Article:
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In an electronic communications system, return loss is the portion of a signal that is reflected back to the transmitter. Return loss is usually caused by imperfections or impedance mismatches within the cables and cable connections. Any energy reflected back in this way reduces the overall power of the transmitted signal and can lead to problems with signal reception and clarity.
The most basic communication system consists of a cable with a transmitter and one end and a receiver at the other. A signal sent by the transmitter travels down the cable and is processed by the receiver. Even a system as basic as this has some amount of return loss. Just as a voice traveling down a tunnel will generate an echo that leads to distortion, so a signal traveling through a cable will echo and create return loss.
Return loss is caused by imperfections in the wiring of the system. These imperfections can be introduced at any time during the manufacturing or installation process. Imperfections in wiring lead to non-uniform impedance, meaning that the cable may create more or less resistance to the flow of signal at one physical point than at another. Parts of the signal can essentially get stuck and reflect back toward the transmitter if they are unable to overcome the resistance at any given point in the circuit. Individual issues might easily be ignored, but can add up over the length of the system to cause major return losses.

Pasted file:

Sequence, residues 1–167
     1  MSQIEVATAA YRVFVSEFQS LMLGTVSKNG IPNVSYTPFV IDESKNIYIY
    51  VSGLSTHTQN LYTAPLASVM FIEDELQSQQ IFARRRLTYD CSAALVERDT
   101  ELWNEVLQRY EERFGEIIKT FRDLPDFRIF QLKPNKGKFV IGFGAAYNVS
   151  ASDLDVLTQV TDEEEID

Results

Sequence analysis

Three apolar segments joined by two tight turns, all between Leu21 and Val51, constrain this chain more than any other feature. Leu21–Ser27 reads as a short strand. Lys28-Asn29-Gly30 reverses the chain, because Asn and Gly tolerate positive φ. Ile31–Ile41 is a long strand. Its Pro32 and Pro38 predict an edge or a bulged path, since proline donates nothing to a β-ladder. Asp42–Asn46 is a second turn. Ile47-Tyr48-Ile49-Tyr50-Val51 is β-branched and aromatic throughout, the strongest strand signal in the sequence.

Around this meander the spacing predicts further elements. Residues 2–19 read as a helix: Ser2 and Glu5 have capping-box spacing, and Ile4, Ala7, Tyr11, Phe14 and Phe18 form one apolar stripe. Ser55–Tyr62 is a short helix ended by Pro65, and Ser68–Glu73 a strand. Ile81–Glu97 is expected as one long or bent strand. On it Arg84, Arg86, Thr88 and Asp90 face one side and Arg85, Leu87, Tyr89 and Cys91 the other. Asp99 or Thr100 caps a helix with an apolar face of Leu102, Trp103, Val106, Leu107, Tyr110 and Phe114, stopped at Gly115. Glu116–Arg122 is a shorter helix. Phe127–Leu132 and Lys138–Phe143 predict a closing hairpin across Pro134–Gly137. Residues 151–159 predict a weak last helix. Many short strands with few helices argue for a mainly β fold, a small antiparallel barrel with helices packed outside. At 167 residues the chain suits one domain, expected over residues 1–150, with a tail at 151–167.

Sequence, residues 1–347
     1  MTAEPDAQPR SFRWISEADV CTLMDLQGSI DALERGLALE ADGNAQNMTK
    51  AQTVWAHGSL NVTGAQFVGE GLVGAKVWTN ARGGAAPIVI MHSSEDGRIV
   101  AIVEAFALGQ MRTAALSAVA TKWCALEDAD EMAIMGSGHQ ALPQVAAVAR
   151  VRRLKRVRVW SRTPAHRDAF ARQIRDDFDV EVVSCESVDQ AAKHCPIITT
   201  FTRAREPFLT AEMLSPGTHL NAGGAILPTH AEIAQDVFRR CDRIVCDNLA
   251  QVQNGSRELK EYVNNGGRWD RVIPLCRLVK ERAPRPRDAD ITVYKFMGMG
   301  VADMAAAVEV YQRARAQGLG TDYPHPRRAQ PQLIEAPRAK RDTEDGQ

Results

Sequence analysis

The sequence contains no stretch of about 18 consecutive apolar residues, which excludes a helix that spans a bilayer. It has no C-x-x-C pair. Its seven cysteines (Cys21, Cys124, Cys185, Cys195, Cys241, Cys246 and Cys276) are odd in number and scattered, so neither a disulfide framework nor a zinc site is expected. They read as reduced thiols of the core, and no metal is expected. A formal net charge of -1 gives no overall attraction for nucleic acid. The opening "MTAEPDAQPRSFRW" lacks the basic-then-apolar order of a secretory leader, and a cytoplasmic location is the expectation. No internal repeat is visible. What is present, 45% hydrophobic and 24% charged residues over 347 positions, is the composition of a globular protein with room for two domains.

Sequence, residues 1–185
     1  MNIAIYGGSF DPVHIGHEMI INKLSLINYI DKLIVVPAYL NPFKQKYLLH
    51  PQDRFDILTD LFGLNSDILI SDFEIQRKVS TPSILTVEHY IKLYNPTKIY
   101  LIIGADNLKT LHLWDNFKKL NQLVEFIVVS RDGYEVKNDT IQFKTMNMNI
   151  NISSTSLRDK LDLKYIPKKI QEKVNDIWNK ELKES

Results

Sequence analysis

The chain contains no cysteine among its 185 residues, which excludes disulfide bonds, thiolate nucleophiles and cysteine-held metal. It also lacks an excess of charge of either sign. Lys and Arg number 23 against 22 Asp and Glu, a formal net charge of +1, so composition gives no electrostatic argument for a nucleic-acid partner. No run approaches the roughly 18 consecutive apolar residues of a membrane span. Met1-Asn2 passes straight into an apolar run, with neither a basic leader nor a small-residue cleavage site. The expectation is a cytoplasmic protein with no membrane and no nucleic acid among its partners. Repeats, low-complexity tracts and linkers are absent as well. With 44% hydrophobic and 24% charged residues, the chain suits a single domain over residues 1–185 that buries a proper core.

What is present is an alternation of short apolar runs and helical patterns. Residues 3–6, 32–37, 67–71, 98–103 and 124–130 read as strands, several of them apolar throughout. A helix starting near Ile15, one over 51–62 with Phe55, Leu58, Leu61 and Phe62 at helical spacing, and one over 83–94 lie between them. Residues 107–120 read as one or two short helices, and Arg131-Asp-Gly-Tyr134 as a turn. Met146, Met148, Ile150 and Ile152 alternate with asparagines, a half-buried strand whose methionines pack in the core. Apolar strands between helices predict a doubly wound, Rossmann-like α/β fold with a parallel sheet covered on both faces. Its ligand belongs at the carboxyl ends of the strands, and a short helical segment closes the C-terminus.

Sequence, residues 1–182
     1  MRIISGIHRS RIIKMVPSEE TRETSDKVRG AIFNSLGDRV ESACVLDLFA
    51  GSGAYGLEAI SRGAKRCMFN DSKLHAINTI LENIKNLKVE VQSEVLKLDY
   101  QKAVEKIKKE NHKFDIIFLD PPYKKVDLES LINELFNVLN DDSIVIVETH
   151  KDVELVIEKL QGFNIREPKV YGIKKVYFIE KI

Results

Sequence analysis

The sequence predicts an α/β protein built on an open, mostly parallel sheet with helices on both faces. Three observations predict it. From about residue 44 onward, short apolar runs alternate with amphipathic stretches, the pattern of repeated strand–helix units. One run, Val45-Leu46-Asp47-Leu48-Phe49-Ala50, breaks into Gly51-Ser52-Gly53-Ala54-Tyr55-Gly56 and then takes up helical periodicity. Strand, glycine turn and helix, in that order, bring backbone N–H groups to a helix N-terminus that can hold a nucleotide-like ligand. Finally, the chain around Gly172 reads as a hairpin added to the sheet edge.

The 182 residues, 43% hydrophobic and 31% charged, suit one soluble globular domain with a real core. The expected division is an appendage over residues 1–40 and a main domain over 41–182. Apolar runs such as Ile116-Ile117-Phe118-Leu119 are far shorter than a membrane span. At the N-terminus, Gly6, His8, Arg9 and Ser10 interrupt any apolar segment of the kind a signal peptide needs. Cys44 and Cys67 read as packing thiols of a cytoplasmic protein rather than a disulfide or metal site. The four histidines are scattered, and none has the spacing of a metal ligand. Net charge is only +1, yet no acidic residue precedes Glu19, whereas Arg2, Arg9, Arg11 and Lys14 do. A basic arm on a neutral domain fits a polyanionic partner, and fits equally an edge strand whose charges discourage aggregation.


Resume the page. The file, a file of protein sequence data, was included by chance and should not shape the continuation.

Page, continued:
Non-uniform impedance can be caused by improper installation. If the wires are not trimmed correctly, if the cable is compressed in a way it was not designed to be, or if cable ends are not properly installed, impedance issues may result. Mismatched components can also cause return loss if the impedance of one component is much higher or lower than the impedance of another component in the system.
Return loss has become more of a problem as telecommunications technology has improved. Many communications systems now use bidirectional signaling, so signals are no longer simply sent from a transmitter to a receiver. More often transceivers, which both transmit and receive signals, are used.
In such systems, the problem is magnified. The echo not only affects the signal received at a single point, but all of the data in the entire system. A transceiver might have sent a signal and be listening for the response when echoes of its own signal are reflected back to it.